Type: Venture capital trust
Aim: Income and growth by investing in established unquoted companies with a focus on management buy-outs
Minimum investment: Lump sum 5,000
Closing date: April 3. 2006
Charges: Initial 5.5%, annual 2%
Commission: Initial 2.25%, renewal 0.375%
Tel: 020 7925 3377
The Matrix income & growth VCT 3 is a generalist venture capital trust which invests in established unquoted companies, which has a particular interest in management buy-outs.
Michael Philips proprietor Michael Both says: Like most sequels, this VCT aims to leverage on the reputation built by its predecessors. Fortunately in this case, that gives it quite an advantage over many of its competitors.
Both explains that before being bought by Matrix, the VCT manager was GLE Development Capital and has been, by some measures, one of the most consistently successful VCT managers. It is a generalist VCT, but probably the main reason for its exceptional success is a twin strategy concentrating on management buy-outs with a sizable proportion of the investment as loan stock or preference shares.
According to Both, the VCTs strategy of working with the management of the companies it invests in – who also have a vested interest in a successful sell off and positive returns – has enabled the VCT manager to achieve on average a high tax-free yield combined with good capital gains on the previous Matrix VCTs.
It hasnt seen the massive volatility of some technology orientated VCTs, says Both. Investors like a 40 per income tax break, but they are even more interested in a return of their hard-earned initial capital, which they will consider is the amount written on their subscription cheque.
Looking more closely at the VCTs investment strategy Both notes that as the third in the Matrix VCt series, it can co-invest with issues one and two, facilitating later stage, larger investments as well as adding exit liquidity to earlier issues.
Discussing the possible downsides of the VCT Both says: Past success and a marketing machine which would be the envy of most, has allowed Matrix the luxury of setting the minimum investment at 5,000 which is somewhat higher than most new issues, especially sequels. This will make it harder for many smaller investors to diversify their VCT portfolio as much as they may have liked which, given that risk should always be uppermost in their mind, is not very helpful.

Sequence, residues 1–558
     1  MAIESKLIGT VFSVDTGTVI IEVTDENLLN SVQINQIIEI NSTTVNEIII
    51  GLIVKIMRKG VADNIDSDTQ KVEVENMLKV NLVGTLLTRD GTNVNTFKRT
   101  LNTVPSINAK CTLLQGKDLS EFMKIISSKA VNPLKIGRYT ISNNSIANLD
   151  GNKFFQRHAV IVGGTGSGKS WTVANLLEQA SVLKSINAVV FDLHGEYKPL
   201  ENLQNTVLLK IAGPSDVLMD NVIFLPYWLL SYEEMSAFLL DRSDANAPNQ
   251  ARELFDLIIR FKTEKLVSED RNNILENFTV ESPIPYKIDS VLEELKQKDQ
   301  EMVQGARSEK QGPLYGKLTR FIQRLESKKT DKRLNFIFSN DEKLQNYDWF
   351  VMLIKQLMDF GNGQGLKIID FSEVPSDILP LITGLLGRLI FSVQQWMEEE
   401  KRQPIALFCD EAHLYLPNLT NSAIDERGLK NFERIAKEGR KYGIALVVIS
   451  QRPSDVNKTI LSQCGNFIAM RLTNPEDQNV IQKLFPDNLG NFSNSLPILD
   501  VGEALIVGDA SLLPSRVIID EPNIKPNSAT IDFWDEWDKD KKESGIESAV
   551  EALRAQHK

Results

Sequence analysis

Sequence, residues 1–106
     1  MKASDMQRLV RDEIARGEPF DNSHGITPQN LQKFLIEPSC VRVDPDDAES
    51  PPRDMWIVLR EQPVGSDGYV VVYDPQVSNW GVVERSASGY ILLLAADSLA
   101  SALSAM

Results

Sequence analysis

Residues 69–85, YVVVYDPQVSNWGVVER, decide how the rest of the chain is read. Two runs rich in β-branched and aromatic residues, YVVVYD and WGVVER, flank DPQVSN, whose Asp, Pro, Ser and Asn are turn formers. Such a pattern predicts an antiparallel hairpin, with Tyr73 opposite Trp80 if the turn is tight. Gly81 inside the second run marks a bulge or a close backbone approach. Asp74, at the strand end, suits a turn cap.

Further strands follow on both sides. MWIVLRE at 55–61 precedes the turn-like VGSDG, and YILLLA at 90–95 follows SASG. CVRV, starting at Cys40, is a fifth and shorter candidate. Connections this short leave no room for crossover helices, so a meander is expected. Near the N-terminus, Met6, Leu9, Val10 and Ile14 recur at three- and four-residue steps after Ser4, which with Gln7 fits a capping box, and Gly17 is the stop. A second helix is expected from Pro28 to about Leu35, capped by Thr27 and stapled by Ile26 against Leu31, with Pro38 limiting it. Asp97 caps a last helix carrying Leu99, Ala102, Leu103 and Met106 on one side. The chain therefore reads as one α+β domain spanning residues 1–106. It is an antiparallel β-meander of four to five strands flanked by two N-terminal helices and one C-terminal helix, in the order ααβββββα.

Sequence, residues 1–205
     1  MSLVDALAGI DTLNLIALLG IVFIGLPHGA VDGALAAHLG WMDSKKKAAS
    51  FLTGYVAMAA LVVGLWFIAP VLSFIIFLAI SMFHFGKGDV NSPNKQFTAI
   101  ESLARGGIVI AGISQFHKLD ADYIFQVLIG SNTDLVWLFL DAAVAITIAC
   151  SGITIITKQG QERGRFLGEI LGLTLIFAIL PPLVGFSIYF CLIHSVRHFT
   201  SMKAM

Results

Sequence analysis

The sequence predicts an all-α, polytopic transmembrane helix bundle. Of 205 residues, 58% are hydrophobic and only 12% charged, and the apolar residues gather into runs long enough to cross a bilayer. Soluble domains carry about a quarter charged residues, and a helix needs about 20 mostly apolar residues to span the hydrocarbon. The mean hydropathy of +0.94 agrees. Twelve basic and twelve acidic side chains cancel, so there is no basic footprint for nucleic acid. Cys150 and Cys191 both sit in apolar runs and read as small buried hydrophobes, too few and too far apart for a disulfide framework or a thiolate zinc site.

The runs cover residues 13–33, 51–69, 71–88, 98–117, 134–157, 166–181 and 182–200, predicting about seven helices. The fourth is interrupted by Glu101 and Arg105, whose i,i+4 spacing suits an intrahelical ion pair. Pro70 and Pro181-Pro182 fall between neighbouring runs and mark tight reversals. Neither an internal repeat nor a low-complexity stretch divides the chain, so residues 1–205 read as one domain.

Both regards the performance incentive structure at 20 per cent of the dividend above about 6 per cent as notterribly demanding. But unlike some rivals it appears likely to remain fairly realistic and looks less open to outright banditry compared to some I have examined, he says. He also notes the acquisition cost of a VCT is higher than for a conventional investment trust, but not out of line with the market.
According to Both, Close Aim IHT, Baronsmead VCT3 and the less well known Neptune Calculus Income & Growth C share issue are worthy competitors. Neptune Calculus is probably nearest in spirit with Close particularly attractive for investors with over 50,000 who subsequently want IHT reduction, he says.
In conclusion Both says: By launching early and aggressively Matrix is trying to reach the 20m capacity well before the April 2006 deadline. Investors wanting their tax refunds quickly should not wait until the last minute, especially since this one could be one of the few to sell out.
Suitability to market: Good
Investment strategy: Good
Adviser remuneration: Average